Tunisia- A Social Revolution? Is it ever Good Time to Speak up for LGBT Rights?

Ali Laarayedh

Online homophobic reactions are excessively taking place on the Tunisian corner of the internet. The reactions stirred first by the unprecedented outing of an un-authenticated black and white video, filmed by a prison security camera. The video features the current Minister of Interior, Ali Laarayedh, member of the ruling moderate Islamist Party, Ennahda, in an intimate and erotic homosexual act with a fellow cellmate.

The video supposedly filmed while he was a political prisoner detained within the Interior Ministry during the dictatorial reign of Tunisia’s ousted President, Zine Abedine Ben Ali. The latter is known for such games of attacking his opponents’ honor to enclose them. 

Caption from the video

Secular and leftist political parties denounced the immoral exploitation of the materials. Masses gathered in front of the Ministry of Interior to express support of the newly appointed Minister.

The claimed fake scandal paved the way for serious homophobic posts on facebook and couple of blogs.

“It feels out of the sudden, the subject of homosexuality is no longer a taboo, judging by the magnitude of gay posts across the internet. This can be considered positive to some extent, but, what concerns us is the exaggeration of a homophobic type of expression. Homosexuality is being employed negatively by supposedly “liberals” in political critics”. Says Fedi, editor at gay day magazine.   

Blessed deviation

Concerns over the type of social change that will be introduced under the Ennhada party’s rule, since it topped the votes last October, failed to be reassured by the party’s spokesman Riad Chaibi.

The party’s spokesman offered reassurances that the new leadership does not want to deprive citizens of individual freedoms, going so far as to say that being gay is “a matter of dignity” because society sees them as undervalued. These reassurances were revealed during an interview with Spanish news agency EFE.

The party’s spokesman spent five years in prison for his opposition to former president Ben Ali. The latter, fled the country as a consequence of a massive upraising that started on Dec 17th 2010. Chaibi, said that in Tunisia “individual freedoms and human rights are enshrined principles” and that atheists and homosexuals are a reality in Tunisia and “have a right to exist.”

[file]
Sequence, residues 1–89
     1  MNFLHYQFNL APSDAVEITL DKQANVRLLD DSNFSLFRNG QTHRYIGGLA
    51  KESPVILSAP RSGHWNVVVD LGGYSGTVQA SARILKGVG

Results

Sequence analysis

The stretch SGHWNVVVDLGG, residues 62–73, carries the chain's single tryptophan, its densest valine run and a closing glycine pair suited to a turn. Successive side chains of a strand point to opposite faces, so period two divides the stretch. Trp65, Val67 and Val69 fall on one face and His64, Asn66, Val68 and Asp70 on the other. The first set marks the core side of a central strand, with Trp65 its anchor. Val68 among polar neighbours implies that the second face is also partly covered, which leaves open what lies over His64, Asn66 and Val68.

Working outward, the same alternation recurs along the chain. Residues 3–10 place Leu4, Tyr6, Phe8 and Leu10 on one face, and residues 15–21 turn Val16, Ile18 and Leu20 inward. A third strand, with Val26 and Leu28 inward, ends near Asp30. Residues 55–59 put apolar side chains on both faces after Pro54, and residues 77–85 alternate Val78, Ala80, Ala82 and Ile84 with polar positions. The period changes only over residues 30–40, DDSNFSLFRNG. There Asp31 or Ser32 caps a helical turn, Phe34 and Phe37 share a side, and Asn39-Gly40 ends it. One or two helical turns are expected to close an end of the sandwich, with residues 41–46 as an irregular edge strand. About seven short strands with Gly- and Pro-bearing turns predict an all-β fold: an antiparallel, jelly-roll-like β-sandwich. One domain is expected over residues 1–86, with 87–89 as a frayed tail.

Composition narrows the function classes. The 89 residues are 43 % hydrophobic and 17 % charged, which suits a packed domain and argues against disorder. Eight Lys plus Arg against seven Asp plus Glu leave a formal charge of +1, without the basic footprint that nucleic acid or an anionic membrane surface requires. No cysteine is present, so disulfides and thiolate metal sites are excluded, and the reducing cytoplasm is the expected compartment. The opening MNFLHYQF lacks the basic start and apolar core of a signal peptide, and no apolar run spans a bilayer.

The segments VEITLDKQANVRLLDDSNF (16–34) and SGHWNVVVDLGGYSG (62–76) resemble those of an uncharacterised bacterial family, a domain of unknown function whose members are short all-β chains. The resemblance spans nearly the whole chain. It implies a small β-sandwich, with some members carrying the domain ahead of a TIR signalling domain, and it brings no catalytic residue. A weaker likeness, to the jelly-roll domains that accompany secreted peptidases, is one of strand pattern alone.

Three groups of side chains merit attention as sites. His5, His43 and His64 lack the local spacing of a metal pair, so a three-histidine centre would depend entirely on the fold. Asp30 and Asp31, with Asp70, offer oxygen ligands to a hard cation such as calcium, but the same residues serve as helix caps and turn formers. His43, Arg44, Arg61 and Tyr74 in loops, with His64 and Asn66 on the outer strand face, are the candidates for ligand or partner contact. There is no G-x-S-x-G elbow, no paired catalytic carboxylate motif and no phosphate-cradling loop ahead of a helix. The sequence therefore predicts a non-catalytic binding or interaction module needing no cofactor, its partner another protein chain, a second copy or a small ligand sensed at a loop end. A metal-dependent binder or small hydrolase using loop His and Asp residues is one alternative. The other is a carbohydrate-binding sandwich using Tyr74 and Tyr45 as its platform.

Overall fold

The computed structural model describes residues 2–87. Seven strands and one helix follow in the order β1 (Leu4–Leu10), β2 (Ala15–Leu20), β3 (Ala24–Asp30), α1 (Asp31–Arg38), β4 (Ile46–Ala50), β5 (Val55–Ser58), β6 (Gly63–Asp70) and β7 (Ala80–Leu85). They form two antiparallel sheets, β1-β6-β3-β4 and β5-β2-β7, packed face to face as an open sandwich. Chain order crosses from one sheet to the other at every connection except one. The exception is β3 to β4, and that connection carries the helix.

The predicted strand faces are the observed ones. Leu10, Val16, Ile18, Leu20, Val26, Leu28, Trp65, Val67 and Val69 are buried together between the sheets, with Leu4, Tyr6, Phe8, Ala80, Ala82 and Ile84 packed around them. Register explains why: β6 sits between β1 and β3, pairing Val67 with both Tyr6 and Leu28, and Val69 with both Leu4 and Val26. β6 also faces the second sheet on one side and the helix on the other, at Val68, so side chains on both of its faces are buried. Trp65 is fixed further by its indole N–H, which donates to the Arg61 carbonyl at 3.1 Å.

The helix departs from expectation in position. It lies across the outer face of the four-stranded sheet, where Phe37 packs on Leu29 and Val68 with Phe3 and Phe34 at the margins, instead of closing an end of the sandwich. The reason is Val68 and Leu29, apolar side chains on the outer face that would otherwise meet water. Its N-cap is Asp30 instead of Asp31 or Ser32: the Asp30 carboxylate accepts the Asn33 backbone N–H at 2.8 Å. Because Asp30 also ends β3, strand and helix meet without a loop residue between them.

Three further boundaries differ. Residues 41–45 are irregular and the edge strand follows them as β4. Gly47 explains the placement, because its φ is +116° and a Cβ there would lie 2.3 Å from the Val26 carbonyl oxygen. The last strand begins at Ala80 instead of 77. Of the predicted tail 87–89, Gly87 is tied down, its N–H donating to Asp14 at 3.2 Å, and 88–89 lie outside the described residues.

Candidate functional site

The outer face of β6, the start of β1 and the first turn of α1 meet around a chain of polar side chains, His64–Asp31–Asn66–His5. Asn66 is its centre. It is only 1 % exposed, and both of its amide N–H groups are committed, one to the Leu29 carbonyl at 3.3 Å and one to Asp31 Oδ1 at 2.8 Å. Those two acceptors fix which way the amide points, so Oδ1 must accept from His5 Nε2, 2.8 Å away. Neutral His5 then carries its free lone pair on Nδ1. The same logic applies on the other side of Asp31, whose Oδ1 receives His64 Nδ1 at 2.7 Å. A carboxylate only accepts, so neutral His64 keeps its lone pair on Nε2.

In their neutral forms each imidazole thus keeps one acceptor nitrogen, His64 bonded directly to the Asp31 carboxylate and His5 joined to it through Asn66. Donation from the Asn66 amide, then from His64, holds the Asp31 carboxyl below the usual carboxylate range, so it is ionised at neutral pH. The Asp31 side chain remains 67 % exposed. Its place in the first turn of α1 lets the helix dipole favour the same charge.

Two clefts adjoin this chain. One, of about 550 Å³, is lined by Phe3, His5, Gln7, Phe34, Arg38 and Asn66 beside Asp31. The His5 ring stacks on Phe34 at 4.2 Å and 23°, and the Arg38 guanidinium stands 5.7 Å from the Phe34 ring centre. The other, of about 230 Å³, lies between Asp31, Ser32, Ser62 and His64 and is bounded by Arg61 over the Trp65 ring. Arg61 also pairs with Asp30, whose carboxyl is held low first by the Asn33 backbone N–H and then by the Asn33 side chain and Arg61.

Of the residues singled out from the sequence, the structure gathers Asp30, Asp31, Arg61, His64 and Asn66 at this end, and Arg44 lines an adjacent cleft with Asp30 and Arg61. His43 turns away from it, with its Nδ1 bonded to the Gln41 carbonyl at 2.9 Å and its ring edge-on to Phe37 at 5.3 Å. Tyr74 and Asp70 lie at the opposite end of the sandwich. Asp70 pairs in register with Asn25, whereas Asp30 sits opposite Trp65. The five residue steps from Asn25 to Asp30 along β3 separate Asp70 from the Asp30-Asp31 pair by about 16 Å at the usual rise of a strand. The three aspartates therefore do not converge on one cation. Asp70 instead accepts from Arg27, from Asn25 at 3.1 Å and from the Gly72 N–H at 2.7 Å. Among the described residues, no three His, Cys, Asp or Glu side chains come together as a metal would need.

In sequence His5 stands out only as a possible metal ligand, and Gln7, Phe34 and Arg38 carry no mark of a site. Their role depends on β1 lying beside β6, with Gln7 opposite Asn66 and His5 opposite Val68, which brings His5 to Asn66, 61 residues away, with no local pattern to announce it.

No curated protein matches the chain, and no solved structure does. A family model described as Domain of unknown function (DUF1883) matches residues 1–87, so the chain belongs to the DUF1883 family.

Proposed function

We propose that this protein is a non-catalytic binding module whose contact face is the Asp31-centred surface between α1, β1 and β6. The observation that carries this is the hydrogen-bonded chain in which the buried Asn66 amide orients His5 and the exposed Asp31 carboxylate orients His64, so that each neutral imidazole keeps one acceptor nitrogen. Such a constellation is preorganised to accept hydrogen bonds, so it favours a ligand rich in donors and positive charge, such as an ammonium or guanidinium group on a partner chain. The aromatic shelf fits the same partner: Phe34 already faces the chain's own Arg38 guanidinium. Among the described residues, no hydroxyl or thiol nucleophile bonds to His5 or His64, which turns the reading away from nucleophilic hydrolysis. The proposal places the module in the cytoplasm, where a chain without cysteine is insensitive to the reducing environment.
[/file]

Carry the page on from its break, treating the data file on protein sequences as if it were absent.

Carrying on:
"PM, supporter of faggots"

Such revelations aren’t much welcomed in Tunisia. Homosexuality continues to be largely discriminated and now used as a political card game. It is considered a mental illness and also stigmatized to be a ‘prison thing’, a thing practiced by long imprisoned Ennahda members during the Ben Ali era.

Both male and female same-sex sexual activity is illegal in Tunisia. According to the article 230 of the Penal Code of 1913 (largely modified in 1964), consenting adults can face up to three years of imprisonment for  private acts of sodomy.

Security agent and good at sucking @ MI

“Tunisia has always been homophobic. Even some gays are homophobic too themselves! Revolution or not, political or apolitical, homosexuality will not be tolerated as long as the religion occupies an important place in the culture of the Tunisian society! I do not speak of the Islamists but Tunisians in general. We are a Mediterranean country, and in addition a macho Arab and Muslim one!” says Nabil, a Tunisian gay guy.

“This is not pessimism; it’s just a real finding.  It still depends on the social categories. Society after all is mainly the people we interact with. Continue to live your life, discreetly as has always been the case and I see no reason to change that now! Make no mistake; it was a social revolution not mental revolution! The bellies are still hungry while we shouted for change. As for attitudes, we have to wait a little more”. Adds Nabil.

Iranian way of kissing confused with pedophilia/homosexuality

5 Responses to “Tunisia- A Social Revolution? Is it ever Good Time to Speak up for LGBT Rights?”
  1. Hnaaa says:

    Demos cratos…….to be or not to be……this it……..very well evolution in the revolution of the free way of thinking…..I have analyzed the situation there and i think that the solution is not to be free sexually but to WORK as the duty dictate….Thanks for listening….

  2. hajjem saddem says:

    même si je suis hétérosexuel, mais , j ai rien contre les gays et les lesbiennes.
    je pense que c est strictement confidentiel en fin de compte, chaqu’ un ses besoins sexuels et chaqun pour soi.
    une bonne idée “gaydaymagazine”, ça considèrai ça comme une lutte en faveur de la liberté d expression.
    excellente continuation.

  3. Peter Cronin-Hill says:

    A gay magazine is good news for the gay people of Tunisia.
    The word ‘GAY’ comes from the words, ‘Good As You.’
    With Love,

  4. Jordan says:

    Si vous voyez un pays qui a dégagé un dictateur et a enflammé toute une région sans s’en rendre compte.. un pays où le parti islamiste gouverne et où la société qui a fait le plus de bénéfice est celle de la bière..un pays ou on vire un ambassadeur qui n’est pas la depuis un an..un pays du sud de la mediterranée ou il neige sur son désert..souriez vous n’êtes pas en train de fumer un joint vous êtes juste en Tunisie/

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